Prepared by Daniel Fagerson, MD; Brian Hopkins, MD; and
Alfred Horowitz, MD of the Radiology Department, Resurrection
Medical Center, Chicago, IL.
A 3-month-old girl was admitted to the emergency department with
a history of abdominal pain and emesis. Her medical history was
notable for meconium aspiration syndrome and sepsis at birth that
required antibiotics for 7 days, during which time both her
umbilical artery and vein were catheterized for monitoring and drug
administration. Daily radiography confirmed the arterial catheter
tip position constant at the level of the sixth thoracic vertebrae
(figure 1). Physical examination on admission demonstrated a right
flank abdominal mass with minimal guarding. Ultrasound and CT
images were obtained (figures 2 and 3) and the patient was then
taken to surgery.
Ovarian infarction presumed secondary to umbilical artery
catheterization. Differential considerations included Wilm's tumor,
neuroblastoma, a mesenteric cyst, and enteric duplication. At
surgery, a purple, ovoid, well-circumcised necrotic mass was
excised and pathology confirmed an infarcted ovary.
Umbilical artery catheterization is performed most commonly in
neonates for measurement of arterial blood gases and blood
pressure. A 4F catheter is introduced into the umbilical artery and
passes into the aorta via the (left or right) internal iliac
artery. Positioning of the catheter tip can be either high or low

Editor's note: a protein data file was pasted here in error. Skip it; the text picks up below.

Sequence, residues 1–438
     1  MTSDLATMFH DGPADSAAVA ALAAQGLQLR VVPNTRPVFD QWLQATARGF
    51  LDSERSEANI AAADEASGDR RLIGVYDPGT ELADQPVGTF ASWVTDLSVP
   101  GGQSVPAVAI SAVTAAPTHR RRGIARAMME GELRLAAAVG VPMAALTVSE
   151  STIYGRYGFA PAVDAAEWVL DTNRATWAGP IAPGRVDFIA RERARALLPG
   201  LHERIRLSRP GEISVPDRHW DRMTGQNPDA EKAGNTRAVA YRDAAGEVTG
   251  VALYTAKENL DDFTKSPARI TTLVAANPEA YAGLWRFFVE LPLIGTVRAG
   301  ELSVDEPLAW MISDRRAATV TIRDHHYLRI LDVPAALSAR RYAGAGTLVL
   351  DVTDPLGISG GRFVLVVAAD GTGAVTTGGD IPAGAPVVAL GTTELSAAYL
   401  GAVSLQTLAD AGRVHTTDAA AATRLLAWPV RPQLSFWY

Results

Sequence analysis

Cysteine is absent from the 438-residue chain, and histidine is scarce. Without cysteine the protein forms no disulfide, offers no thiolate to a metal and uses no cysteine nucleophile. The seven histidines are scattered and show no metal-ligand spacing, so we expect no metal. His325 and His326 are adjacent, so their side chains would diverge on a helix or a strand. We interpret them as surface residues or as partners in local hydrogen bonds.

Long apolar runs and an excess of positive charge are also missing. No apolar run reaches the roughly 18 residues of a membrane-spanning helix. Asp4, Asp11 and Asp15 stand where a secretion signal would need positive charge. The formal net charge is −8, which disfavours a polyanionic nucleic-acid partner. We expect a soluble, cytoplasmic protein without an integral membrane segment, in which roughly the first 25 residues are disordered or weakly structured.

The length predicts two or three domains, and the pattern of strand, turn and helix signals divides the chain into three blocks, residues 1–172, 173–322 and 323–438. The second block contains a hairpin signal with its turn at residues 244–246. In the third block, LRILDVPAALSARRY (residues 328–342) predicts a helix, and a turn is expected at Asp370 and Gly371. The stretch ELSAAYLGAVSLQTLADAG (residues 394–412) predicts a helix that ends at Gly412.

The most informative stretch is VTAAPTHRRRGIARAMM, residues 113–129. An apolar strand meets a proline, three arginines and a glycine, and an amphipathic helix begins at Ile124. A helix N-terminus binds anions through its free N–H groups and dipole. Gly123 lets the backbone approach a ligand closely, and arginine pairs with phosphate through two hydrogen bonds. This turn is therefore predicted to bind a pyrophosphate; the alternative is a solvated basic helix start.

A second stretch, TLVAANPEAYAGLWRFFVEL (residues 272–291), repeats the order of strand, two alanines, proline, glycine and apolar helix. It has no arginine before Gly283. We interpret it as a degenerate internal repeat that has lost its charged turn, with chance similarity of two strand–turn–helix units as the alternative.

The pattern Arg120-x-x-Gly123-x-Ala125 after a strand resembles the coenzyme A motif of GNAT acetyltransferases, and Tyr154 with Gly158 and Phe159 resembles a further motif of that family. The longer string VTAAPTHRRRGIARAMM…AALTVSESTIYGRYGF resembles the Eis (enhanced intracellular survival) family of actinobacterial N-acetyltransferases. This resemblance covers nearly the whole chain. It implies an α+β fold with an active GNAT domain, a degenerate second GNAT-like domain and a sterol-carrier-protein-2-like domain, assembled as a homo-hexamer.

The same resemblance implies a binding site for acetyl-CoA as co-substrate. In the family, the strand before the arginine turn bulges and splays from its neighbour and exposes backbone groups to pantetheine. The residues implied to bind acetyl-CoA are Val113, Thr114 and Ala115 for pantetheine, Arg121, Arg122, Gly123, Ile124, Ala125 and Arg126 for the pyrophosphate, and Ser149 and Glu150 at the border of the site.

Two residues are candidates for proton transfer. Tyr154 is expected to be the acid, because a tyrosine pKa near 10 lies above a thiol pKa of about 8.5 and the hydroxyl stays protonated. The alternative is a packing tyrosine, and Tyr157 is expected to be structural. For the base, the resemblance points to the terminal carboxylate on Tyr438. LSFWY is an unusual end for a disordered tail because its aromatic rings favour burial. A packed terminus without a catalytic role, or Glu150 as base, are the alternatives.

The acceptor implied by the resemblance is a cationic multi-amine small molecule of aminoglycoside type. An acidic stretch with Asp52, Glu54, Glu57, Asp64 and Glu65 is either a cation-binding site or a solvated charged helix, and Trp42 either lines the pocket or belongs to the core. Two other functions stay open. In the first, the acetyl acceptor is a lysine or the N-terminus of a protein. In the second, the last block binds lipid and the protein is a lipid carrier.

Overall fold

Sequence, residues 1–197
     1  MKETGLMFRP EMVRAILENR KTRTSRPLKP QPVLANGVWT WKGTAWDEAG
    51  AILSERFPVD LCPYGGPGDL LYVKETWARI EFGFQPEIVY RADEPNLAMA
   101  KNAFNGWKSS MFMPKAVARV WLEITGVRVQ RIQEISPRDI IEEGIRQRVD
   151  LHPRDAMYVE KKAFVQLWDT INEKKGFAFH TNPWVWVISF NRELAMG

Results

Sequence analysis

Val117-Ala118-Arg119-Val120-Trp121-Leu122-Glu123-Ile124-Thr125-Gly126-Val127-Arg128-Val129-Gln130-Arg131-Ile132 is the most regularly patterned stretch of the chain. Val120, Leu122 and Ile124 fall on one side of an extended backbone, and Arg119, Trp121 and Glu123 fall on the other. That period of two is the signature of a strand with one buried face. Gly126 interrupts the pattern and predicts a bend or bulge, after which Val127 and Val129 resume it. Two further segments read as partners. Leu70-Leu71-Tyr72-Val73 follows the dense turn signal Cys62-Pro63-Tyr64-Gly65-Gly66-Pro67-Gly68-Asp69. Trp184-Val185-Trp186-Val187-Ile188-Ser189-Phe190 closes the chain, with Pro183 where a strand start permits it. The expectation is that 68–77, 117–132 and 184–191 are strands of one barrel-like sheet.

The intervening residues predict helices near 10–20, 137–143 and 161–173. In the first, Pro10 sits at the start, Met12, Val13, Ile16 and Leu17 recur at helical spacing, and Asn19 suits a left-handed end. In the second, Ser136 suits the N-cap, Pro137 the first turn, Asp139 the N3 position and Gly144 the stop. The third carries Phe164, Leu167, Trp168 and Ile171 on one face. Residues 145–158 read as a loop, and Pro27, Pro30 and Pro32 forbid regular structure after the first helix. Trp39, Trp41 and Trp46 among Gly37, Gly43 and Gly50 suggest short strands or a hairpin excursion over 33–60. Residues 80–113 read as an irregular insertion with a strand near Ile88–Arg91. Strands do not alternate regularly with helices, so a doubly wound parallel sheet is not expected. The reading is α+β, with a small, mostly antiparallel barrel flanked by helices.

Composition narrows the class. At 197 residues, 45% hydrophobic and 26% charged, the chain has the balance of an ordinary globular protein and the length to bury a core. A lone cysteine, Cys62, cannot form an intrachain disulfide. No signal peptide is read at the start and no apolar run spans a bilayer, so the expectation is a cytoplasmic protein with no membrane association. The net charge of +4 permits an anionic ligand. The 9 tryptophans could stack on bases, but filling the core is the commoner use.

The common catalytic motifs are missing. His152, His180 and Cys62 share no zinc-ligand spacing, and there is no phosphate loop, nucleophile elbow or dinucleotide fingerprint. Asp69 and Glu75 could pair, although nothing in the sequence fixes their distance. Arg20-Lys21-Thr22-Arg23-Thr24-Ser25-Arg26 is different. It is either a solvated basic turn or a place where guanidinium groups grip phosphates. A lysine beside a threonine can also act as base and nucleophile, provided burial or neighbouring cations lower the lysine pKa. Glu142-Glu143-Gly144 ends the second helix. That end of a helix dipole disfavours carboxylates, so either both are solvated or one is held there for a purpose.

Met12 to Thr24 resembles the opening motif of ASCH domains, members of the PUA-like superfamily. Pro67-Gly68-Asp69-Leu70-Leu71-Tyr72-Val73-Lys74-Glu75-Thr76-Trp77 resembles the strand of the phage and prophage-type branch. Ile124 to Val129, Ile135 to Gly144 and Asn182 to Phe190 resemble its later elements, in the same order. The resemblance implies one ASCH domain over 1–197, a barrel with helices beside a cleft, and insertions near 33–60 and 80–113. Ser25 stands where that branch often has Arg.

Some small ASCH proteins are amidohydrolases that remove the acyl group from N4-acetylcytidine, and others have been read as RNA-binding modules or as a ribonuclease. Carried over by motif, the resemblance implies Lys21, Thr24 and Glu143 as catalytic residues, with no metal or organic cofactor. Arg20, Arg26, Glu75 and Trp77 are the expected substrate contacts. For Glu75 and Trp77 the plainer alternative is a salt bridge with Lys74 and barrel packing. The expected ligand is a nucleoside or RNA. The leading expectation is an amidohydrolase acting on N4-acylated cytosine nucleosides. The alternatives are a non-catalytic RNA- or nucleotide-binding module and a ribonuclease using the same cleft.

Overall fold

in order to avoid renal artery damage. The high position is at the
level of the sixth to ninth thoracic vertebral bodies and the low
position is at the third to fourth lumbar vertebral bodies.
Reported complications of a malpositioned umbilical artery
catheter include renal artery thrombosis, aortic thrombosis,
necrotizing enterocolitis, ischemia to the lower extremities and
spine, and sepsis. As far as we are aware, this is the first
reported case of ovarian infarction occurring due to umbilical
artery catheterization. Other potential causes of ovarian
infarction in a neonate are very rare and include torsion, emboli,
and disseminated intravascular coagulation. To prevent
complications, it is essential that malpositioning of umbilical
artery catheterization is recognized and reported so that proper
repositioning of the catheter can be obtained before blood sampling
or medication infusion.
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